I celebrated my birthday earlier this month and got some lovely gifts and cards, along with the promise of a little trip away with K a couple of weeks later. One of our favourite occasional treats is going to Edinburgh for lovely food and drink, an overnight stay, shopping and visit a gallery, museum or other place of interest, depending on the weather. Since we discovered Tigerlily, a gorgeous boutique hotel, we’ve always stayed there, seeking out the special offers and off-peak rates to make it possible a little more often. During COVID restrictions we haven’t been able to do this, so it was extra special to go back (with a little help from friends and family who helped with dog-sitting)
Edinburgh is compact but hilly and, in places cobbled, but my little Mobie folding disability scooter behaved like a mountain goat, taking all the challenges it met with relish, even the portable access ramp up the rather steep steps of our hotel (a former town house in George Street, part of the Georgian New Town district)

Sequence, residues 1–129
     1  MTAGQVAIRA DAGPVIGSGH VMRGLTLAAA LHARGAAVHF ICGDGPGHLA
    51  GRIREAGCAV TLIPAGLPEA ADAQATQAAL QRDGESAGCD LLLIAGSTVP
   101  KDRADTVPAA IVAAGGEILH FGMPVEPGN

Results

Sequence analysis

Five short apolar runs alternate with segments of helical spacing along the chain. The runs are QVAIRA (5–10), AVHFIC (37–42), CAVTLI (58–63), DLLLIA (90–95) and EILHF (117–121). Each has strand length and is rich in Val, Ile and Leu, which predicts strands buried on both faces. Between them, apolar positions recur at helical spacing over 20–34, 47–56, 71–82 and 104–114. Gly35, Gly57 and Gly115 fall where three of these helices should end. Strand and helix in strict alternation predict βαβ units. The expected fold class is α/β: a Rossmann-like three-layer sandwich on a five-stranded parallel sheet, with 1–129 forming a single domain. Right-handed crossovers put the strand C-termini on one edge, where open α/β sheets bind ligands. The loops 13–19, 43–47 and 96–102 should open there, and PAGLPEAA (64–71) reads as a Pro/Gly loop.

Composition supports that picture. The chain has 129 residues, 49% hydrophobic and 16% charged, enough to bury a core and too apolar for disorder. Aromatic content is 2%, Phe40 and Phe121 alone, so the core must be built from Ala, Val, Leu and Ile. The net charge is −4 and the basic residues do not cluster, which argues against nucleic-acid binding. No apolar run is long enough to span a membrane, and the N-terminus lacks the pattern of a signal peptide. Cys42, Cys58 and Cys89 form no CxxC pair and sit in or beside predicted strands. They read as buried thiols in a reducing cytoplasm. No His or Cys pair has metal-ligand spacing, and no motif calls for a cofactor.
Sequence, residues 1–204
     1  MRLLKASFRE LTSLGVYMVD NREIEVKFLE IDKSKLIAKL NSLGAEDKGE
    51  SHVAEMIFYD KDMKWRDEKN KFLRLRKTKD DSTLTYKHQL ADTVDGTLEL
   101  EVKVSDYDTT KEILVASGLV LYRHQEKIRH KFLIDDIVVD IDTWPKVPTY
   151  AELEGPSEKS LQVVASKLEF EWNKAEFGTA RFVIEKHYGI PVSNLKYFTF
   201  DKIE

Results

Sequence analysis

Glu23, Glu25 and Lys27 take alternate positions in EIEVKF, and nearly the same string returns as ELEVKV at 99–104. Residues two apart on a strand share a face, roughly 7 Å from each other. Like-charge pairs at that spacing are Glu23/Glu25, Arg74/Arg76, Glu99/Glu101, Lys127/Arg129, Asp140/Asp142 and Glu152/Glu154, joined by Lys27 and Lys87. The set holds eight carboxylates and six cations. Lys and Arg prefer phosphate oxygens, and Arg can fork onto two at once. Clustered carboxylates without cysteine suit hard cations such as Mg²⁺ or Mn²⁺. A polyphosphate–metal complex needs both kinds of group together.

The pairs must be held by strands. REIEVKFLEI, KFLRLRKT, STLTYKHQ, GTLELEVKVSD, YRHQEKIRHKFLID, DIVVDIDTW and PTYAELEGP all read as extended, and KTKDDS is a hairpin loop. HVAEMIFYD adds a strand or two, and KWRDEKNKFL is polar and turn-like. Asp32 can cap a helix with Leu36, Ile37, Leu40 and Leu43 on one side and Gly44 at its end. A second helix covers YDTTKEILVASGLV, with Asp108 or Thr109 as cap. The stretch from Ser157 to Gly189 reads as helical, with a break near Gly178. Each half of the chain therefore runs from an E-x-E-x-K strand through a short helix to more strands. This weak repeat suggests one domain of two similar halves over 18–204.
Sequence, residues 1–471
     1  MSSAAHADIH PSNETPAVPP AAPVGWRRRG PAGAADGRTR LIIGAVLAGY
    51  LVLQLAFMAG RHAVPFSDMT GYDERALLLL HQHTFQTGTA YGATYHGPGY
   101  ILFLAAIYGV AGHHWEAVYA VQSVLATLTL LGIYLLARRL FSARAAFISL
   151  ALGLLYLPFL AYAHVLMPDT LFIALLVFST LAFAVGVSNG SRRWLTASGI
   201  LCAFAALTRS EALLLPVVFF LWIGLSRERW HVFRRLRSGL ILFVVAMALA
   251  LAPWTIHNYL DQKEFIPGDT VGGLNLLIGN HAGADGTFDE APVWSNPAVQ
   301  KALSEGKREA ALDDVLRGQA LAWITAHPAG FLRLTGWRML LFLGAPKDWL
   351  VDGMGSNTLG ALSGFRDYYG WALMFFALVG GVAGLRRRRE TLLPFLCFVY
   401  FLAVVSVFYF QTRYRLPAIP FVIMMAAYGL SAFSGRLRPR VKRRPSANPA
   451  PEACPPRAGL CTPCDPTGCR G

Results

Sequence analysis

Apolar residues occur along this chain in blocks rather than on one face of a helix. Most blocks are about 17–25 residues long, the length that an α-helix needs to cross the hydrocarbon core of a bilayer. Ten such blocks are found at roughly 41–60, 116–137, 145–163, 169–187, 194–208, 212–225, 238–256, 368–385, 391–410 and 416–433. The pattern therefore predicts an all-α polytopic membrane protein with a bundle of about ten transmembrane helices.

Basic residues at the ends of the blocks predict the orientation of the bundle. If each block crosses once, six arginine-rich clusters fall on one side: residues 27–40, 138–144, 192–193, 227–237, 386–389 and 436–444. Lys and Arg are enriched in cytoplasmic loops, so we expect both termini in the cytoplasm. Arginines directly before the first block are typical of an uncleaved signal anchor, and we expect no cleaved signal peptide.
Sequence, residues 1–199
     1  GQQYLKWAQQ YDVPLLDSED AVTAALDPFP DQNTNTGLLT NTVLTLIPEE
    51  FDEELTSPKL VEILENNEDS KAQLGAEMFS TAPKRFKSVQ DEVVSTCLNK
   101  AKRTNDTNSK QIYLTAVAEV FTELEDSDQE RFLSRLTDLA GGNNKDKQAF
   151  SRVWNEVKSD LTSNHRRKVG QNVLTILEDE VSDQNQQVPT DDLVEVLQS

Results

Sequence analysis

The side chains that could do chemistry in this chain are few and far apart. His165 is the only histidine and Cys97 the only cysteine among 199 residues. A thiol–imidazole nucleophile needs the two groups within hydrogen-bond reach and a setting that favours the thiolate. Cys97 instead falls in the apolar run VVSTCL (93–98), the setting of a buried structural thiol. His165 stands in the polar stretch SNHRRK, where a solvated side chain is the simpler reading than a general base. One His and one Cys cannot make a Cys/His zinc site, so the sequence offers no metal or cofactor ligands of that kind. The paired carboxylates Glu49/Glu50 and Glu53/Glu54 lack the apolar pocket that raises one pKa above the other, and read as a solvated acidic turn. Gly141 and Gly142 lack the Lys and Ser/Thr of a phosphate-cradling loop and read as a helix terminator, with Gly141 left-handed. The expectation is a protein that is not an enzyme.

Checking into Tigerlily we discovered that we’d been given an upgrade to stay in Room 1 – Georgian Suite. What a lovely surprise! Decorated in sumptuous fabrics with modern furniture that complimented the original Georgian features and high ceilings, our suite included a four poster bed, two sofas and an enormous bathroom (you could have held a party in the shower alone).
It’s the little details that make something special, like the thick bathrobes, expensive toiletries and good quality coffee/fresh milk available in the room, even the Edinburgh edition of Monopoly!